HOW do we prepare for successful careers? This question has challenged our education systems for generations. It can be argued that, now more than ever, technological change has brought an unprecedented set of challenges that our youth have to contend with to be successful in today’s, and more importantly, tomorrow’s world.
Knowledge of traditional subjects are no longer an adequate marker of ability.
Not only are today’s students required to master skills in problem-solving, they must also demonstrate versatile and critical thinking skills for an increasingly virtual world.
Education systems around the world have often struggled to meet and anticipate future skills needs. More needs to be done to break down classroom walls and adequately prepare students to have multiple careers in the 21st Century.
The good news is that education systems are now being assessed on how well they prepare students for the future.
According to The Economist Intelligence Unit’s ‘2017 Educating for the Future Index’, educational systems around the world must find ways to produce graduates who are able to constantly anticipate and acclimatise to the changing demands of the global economy.
Specifically, the index highlights project-based learning, industry collaborations and the need for technology-based curricula as key areas in which education systems around the world must invest in.
The ‘Future Index’ provides a holistic perspective of education systems, by including measures on respective national education policy environments, teaching environments and socioeconomic environments.
These are critical factors that determine the ability of education systems and their institutions to produce resilient and work-ready graduates.
It is noteworthy that the ‘Future Index’ ranks New Zealand as the best education system overall, earning full marks for the curriculum framework for future skills, collaboration between education providers and industry, and cultural diversity and tolerance among other measures.
Indeed, these are the cornerstones upon which we have built our internationally recognised education system, and the reasons why 130,000 international students from more than 180 countries study in New Zealand every year.
New Zealand’s ‘Think New’ approach promotes inquisitive and project-based learning, provides flexible learning pathways for students, and is built upon a world-class education quality assurance system. These foundations, and well-targeted education subsidies, have enabled collaborations between education institutions and industry that provide students with formal education qualifications as well as industry-relevant skills.
Additionally, government investments in digital infrastructure has ensured that the next generation of New Zealand graduates are not just digitally savvy but are digital natives. According to the ‘Future Index’ report, 98 per cent of New Zealand institutions are connected to fast and uncapped broadband connections, making technology an enabler of education in New Zealand.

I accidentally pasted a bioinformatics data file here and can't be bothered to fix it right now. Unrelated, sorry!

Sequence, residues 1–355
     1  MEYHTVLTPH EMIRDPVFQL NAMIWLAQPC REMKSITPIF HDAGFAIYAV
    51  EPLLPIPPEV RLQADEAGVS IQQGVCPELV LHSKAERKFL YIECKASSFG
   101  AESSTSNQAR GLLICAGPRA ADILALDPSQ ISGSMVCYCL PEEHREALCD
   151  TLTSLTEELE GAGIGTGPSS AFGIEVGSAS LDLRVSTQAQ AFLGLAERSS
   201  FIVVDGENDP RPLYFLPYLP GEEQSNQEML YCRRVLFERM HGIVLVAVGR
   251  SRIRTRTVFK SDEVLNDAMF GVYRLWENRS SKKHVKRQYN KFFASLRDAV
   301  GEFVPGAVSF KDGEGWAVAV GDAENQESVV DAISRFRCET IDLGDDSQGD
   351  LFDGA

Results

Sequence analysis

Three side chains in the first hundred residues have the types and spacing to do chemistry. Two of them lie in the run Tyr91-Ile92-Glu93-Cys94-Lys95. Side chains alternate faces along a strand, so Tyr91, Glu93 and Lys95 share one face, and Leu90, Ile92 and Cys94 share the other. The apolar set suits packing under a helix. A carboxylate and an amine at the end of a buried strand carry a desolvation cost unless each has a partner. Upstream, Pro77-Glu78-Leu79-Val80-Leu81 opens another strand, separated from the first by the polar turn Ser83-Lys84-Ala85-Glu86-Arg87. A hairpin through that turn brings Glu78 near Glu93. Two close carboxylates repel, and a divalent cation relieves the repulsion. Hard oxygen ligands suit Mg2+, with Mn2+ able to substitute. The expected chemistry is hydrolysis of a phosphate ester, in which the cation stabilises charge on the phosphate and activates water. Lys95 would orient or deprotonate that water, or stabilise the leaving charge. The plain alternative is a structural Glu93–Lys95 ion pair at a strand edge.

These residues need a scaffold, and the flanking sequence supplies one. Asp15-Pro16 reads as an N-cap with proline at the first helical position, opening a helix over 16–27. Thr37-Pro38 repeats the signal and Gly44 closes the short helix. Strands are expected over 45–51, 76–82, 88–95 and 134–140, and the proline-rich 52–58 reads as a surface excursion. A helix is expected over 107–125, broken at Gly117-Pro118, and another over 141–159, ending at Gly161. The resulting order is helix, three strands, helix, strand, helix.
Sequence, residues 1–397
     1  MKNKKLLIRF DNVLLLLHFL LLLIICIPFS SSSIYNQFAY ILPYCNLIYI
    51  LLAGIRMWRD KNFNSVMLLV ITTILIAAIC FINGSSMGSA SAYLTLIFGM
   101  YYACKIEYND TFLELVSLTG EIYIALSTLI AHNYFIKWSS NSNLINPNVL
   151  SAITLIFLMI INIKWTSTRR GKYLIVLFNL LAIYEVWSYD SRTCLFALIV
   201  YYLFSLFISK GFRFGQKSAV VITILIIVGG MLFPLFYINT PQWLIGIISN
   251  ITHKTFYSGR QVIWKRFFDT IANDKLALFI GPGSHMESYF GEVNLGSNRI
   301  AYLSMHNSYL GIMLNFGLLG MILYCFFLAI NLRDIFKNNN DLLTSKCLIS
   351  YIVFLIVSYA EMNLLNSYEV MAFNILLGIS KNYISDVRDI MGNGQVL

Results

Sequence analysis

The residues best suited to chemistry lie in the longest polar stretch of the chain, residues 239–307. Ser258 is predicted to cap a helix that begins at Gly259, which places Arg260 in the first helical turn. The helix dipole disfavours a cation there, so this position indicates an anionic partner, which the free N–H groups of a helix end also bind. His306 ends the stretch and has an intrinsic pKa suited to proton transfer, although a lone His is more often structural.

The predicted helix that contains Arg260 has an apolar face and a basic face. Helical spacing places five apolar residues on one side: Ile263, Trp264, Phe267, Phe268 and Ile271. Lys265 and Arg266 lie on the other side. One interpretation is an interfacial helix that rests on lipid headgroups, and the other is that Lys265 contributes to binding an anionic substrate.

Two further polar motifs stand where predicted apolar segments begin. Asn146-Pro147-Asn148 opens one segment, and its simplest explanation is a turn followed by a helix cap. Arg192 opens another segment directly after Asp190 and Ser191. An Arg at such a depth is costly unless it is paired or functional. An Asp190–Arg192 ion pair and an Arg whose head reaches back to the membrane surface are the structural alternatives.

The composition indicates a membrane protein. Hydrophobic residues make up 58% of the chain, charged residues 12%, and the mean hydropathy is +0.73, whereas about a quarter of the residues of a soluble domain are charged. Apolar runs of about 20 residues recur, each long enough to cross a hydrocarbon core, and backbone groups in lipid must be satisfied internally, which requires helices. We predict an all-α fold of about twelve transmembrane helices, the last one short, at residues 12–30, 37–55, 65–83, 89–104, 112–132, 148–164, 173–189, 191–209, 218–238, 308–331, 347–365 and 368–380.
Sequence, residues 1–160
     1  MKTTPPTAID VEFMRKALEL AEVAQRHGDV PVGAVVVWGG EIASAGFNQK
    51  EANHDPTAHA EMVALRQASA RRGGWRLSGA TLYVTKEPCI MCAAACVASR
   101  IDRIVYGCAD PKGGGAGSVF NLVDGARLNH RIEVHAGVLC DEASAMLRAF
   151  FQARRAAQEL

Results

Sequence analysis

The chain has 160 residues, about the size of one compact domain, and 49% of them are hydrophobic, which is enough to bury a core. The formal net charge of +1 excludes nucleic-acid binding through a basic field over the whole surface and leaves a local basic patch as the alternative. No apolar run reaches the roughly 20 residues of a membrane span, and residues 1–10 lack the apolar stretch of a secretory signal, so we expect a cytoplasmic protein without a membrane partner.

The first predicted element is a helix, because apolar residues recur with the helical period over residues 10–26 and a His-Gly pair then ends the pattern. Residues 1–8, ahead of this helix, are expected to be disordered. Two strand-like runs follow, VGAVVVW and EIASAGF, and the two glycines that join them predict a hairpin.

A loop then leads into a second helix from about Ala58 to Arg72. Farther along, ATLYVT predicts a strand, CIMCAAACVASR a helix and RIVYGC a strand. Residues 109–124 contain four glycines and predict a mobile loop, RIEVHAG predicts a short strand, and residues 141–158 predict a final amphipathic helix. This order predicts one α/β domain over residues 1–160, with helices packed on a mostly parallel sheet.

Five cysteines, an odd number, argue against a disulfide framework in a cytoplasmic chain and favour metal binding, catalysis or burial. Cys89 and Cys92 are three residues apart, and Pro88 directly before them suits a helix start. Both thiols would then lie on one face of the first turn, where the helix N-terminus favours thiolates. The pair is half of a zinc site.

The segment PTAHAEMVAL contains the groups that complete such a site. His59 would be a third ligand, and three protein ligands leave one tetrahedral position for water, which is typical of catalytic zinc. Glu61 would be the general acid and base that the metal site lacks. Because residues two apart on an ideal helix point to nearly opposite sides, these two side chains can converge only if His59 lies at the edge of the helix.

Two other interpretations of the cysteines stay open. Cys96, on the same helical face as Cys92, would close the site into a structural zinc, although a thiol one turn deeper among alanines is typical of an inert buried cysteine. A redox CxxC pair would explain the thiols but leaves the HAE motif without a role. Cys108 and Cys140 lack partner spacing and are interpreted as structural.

Such focused efforts have resulted in several New Zealand universities being included in the QS Graduate Employability Rankings 2017 list, which ranks 300 leading global institutions based on five key aspects of graduate employability.
To effectively prepare students for an increasingly connected world, education systems must also welcome global perspectives.
New Zealand has championed this cause, becoming a sought-after international education destination and being ranked as the safest English-speaking country in the world by the Global Peace Index for 10 years in a row. International education is now New Zealand’s fourth largest export industry.
How are these learnings relevant to Malaysia? New Zealand demonstrates that any education system can successfully prepare students when there is a coordinated and sustained effort by education leaders, teachers, parents, students, and government to raise education standards.
Today, more than 2,000 Malaysian students are in New Zealand pursuing an international education and preparing for a global career.
These students are following in the footsteps of prestigious Malaysian alumni such as astrophysicist Mazlan Othman and esteemed businessman Tan Sri Halim Saad. A large reason behind the recent growth in Malaysian students choosing New Zealand has been the future-focussed education system that New Zealand offers.
The great news is that today’s globally connected world enables us all to share these learnings. Not only are New Zealand universities and education ministries working on education capability-building contracts across Southeast Asia, we are welcoming more and more international students to our country to experience our education system.
As New Zealand celebrates 60 years of diplomatic relations with Malaysia this year, we are as excited as ever to be jointly preparing our students for global success in the boardrooms and workplaces of the future.
Education New Zealand, in partnership with the New Zealand High Commission and other New Zealand Inc agencies, is holding a special Discover Aotearoa New Zealand (DANZ) exhibition with the support of the New Zealand government through Manat Taonga – the Ministry for Culture and Heritage’s Cultural Diplomacy International Programme.
Held at the Pavilion Shopping Mall in Kuala Lumpur until tomorrow (Oct 29), the exhibition will also provide students with the opportunity to learn more about studying in New Zealand.
For more information about studying in New Zealand go to www.studyinnewzealand.govt.nz.
John Laxon is Education New Zealand’s Regional Director of South, South East Asia and the Middle East.